Nathaniel Jeanson has posted a AiG YouTube, Evolutionists Do NOT Want You to Know This, where he purports to answer the critics of his book purporting to account for the genetic history of mankind going back to Noah. Daniel Cardinal has in turn responded with Responding to Critics: Jeanson Answers the Critics of Traced…Sort Of on his Creation Myths channel.
Jeanson’s video is a pure double down that adds nothing in terms of evidence to his previous presentation. He starts with the criticism that he conflates genealogy with phylogeny, where he responds with two tactics YEC use to deflect. One, he states that the objection has already been addressed. This is common. Any ridiculously inept article, once posted, is subsequently referenced as some final answer, and without actually dealing with the original shortcomings, is held to anticipate and preempt all further discussion on that topic. Two, he mischaracterizes the basis of Cardinal’s argument with a silly discussion of a textbook illustration. This is a rhetorical calculation that fits with AiG’s actual objective.
When you have no grounds for your model, what you do is choose other, more advantageous ground for your fight, and this pervades all of AiG’s output. The discussion of the textbook is to frame the debate as opposing faith positions. Here is Jeanson at 26:30 of his AiG video:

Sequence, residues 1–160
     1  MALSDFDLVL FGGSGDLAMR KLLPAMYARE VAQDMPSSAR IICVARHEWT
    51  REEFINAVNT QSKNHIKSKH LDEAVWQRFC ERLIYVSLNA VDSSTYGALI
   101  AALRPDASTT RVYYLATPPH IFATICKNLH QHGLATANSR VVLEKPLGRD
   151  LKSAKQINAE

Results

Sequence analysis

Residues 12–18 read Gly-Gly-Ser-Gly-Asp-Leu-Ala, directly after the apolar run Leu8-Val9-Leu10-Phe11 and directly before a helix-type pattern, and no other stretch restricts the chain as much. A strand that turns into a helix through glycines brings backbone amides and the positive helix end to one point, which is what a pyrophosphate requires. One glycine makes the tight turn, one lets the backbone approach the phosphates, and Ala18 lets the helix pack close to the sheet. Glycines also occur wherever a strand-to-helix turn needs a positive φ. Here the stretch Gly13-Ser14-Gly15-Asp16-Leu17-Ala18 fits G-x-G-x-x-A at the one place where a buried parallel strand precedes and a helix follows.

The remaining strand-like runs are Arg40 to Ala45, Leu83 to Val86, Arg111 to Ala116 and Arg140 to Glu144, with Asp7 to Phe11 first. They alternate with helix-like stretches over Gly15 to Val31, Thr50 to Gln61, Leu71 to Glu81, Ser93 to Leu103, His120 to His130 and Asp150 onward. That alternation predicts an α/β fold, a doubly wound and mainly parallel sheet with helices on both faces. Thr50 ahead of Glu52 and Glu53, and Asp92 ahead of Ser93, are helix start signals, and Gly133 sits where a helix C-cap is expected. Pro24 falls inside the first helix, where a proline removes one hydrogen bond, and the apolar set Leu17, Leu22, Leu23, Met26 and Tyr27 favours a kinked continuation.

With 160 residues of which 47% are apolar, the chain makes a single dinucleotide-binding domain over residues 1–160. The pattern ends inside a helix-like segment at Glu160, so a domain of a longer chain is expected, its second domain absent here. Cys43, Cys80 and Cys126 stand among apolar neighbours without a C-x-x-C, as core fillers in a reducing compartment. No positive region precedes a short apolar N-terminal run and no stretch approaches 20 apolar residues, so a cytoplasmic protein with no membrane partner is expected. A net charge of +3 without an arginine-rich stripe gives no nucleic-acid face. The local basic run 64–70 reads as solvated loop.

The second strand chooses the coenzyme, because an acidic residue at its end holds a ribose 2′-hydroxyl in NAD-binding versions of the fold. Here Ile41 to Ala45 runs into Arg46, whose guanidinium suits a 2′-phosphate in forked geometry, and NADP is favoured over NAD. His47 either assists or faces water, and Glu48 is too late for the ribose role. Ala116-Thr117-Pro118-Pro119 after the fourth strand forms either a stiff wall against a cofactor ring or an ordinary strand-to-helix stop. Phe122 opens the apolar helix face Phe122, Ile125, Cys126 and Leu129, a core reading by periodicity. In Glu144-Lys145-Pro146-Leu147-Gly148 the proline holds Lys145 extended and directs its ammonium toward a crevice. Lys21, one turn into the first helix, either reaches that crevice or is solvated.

This is the bombshell. What is his justification? It’s a textbook reference. He saying it’s wrong, what I’m doing is wrong, because it disagrees with the textbook. Apparently, evolutionists have a holy book that you can’t question. Apparently mainstream science has sacred ideas, perhaps not engraved on stone, but in ink, on paper, that define the rightness or wrongness, of a scientific idea. You would think the textbook itself, if it was scientific, would be open to testing, falsifiability, and everything else that defines science, but not according the Dr. Dan. Which again, these are the leading people responding to what I’m saying, and the big problem, his words, is that I’m conflating geneology and pylogeny, and the textbook says otherwise. Amazing, evolutionsts, by their own behavior, have a religion, and you can’t question that religion. You can’t do science in disagreement with that religion.
So here Jeanson entirely avoids dealing with his incompetent premise, and shifts the conversation to one that will resonate with his actual audience, that being the equivalence of YEC with mainstream science as dueling worldviews based on faith in holy books, where interpretation dominates over evidence, and proof texts count as evidence. And therein lies the mission.